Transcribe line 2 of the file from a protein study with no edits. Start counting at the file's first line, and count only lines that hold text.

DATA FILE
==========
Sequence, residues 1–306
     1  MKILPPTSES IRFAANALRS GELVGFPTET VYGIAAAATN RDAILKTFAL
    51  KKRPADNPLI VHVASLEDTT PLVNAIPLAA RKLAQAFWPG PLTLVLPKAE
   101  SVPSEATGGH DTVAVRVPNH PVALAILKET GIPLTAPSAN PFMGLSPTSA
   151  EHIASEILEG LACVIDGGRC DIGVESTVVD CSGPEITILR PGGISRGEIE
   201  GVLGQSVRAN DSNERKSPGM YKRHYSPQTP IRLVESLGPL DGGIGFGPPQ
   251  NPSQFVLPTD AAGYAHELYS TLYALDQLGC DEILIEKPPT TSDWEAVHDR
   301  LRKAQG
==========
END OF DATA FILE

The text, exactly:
     1  MKILPPTSES IRFAANALRS GELVGFPTET VYGIAAAATN RDAILKTFAL